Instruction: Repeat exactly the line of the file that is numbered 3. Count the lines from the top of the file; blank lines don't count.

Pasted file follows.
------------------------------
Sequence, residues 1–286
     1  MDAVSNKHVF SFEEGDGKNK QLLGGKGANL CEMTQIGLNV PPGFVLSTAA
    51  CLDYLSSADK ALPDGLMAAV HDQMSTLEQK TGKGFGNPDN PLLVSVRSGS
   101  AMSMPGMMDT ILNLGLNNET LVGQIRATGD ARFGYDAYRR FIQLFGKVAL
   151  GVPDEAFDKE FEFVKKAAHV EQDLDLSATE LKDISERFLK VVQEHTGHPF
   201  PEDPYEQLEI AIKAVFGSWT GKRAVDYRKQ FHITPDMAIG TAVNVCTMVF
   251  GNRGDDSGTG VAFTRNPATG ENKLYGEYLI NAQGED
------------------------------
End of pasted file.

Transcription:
    51  CLDYLSSADK ALPDGLMAAV HDQMSTLEQK TGKGFGNPDN PLLVSVRSGS